Dennis went on to run 6.93 at 208mph later in the day and followed this up with a 6.95 at another 208 and a 6.93 to defeat a red lighting Clive Skilton in the final.
Dave tells me that he remembers asking Peter Billinton to get a shot of the ET clock and the result is this historic picture by Roger Philips.





To the victor the spoils - in this case a very small cup for a very small elapsed time! 
From left to right : Chris Powell, Terry Axe, Tony Gane, Dennis Priddle, Dave Riswick, Pete Stanford, Mrs Axe and Irven Axe.



A last look (on this page anyway!) of the elegant lines of Mr Six in the pits at Santa Pod.  Dennis went on to drive the car to a best time of 6.59 seconds underlining the fact that it went every bit as good as it looked.


Mr Revell



6.59 seconds in Mr Six was obviously not enough for Dennis Priddle, therefore enter Mr Revell.  This car had been purchased from Norm Wilcox during a trip to the USA with Clive Skilton to compete in the 1973 Winternationals held at Pomona.  Both Dennis and Clive qualified in the final 32 (out of a field of 90-odd cars).  Unfortunately the normally sunny Southern California suffered over 20 inches of rain in 10 days thus washing out the event.  Dennis ran out of cash and had to return to the UK before the meeting could be re-scheduled.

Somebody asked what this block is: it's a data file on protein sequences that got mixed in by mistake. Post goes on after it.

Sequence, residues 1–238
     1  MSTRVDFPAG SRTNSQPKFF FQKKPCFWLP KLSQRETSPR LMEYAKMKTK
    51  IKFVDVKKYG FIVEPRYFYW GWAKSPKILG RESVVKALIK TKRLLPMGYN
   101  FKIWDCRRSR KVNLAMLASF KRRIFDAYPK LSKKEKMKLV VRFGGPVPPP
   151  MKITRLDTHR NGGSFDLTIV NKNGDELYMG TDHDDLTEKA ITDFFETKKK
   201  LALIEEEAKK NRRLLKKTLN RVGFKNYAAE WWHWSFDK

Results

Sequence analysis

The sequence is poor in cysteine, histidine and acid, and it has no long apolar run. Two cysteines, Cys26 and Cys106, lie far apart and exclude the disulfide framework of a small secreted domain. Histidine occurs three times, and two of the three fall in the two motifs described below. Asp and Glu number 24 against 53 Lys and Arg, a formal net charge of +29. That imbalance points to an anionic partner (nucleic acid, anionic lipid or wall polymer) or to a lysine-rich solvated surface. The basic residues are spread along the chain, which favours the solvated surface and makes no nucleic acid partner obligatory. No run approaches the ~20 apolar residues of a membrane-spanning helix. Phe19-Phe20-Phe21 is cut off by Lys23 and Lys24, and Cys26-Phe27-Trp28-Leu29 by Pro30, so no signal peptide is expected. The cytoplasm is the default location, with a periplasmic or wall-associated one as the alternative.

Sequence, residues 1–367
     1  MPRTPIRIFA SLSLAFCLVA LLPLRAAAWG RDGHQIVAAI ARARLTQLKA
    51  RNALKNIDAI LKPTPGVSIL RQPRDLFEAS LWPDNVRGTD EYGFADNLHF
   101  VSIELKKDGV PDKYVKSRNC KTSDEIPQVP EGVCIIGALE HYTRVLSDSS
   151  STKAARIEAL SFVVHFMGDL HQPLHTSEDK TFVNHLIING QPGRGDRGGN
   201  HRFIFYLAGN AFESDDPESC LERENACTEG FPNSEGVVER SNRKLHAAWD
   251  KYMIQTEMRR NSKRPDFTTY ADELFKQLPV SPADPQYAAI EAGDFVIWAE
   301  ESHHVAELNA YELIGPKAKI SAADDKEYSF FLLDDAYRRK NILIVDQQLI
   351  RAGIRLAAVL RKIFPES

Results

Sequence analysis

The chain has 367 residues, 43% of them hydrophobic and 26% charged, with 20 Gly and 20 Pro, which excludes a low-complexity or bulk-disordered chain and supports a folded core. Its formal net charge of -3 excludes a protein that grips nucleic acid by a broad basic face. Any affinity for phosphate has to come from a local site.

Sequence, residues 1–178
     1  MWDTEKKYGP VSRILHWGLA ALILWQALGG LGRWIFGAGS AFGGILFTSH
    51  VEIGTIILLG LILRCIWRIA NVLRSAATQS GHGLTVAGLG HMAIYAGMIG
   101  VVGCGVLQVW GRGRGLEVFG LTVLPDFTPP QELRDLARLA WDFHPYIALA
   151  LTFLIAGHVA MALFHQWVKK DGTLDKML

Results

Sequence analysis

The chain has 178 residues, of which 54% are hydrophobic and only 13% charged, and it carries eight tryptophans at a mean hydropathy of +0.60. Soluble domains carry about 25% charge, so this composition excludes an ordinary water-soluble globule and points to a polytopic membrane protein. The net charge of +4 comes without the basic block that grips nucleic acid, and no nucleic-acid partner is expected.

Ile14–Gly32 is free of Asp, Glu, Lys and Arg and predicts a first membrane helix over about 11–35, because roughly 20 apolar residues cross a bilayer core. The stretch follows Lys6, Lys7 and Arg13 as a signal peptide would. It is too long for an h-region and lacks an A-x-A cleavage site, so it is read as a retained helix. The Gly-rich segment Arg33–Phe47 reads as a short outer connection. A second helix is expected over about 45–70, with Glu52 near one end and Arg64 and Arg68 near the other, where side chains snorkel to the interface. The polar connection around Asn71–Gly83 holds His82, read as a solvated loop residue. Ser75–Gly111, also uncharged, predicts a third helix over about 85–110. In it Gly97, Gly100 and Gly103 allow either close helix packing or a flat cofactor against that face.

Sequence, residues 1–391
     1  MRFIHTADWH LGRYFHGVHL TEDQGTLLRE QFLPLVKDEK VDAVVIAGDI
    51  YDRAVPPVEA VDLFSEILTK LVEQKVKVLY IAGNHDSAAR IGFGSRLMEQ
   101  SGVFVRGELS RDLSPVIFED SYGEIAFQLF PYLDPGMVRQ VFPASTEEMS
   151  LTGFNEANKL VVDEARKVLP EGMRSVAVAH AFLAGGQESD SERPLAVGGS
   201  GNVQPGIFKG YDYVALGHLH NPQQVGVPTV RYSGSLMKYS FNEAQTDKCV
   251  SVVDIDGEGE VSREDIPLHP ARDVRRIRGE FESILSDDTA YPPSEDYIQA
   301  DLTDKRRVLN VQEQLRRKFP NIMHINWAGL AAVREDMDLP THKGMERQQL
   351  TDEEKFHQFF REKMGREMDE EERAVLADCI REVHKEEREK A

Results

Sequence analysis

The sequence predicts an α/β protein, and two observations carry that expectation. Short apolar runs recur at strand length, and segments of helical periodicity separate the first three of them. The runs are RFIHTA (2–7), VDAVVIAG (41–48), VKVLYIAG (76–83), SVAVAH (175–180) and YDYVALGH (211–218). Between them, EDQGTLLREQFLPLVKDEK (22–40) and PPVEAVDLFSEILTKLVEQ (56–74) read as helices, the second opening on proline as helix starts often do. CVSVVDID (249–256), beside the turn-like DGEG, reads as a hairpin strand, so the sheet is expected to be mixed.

Pete Stanford crouches behind the Petersen Publishing board and watches Dennis Priddle blast off the Santa Pod start line.



Mr Revell had been bought minus an engine so a 417 Donovan engine was purchased.
This great close up shot by Peter quinn shows the car burning out at Santa Pod Raceway.



Another fine burn out at Santa Pod this time taken by Lawrie Gatehouse.
Team member Brian Savage is standing behind the car holding the bottle of 'grip juice'.
Standing on the fence on the extreme left of the shot is 'Powerful Pierre' Peter Quinn who is actually taking the close up burn out shot above!



And yet another great burn out at Santa Pod as seen through the lens of Peter Quinn.
I don't know about you but I can't get enough of these.


A bit of close examination of the engine going on here in the fire-up area in the pits.
Dennis Priddle is bending over on the left and Barry Duffty has his back to the camera wearing the white tee shirt.  Graham White is just behind Dennis and Chris Powell is almost obscured by Barry on the right.





Mr Revell gets pushed back into the 'bleach box' behind the start line at Santa Pod - the car was not fitted with a reverser.  It was usual for the cars to start their burn outs very close to the spectators in the barn.
By the end of 1973 Mr Revell had run a best time of 6.04 seconds which stood as the fastest elapsed time by a slingshot dragster for a lot of years.  Dave is convinced that the car actually ran at least one five but there were some concerns expressed over the validity of the time.



Dennis Priddle appears to have a slight advantage as he and Clive Skilton power off the line at Blackbushe Aerodrome.  The surface was very slippery and the fuel cars invariably rooster-tailed their way down the entire quarter mile.  This didn't do the times much good but the terminal speeds were usually quite high and it was great for photographers and spectators alike.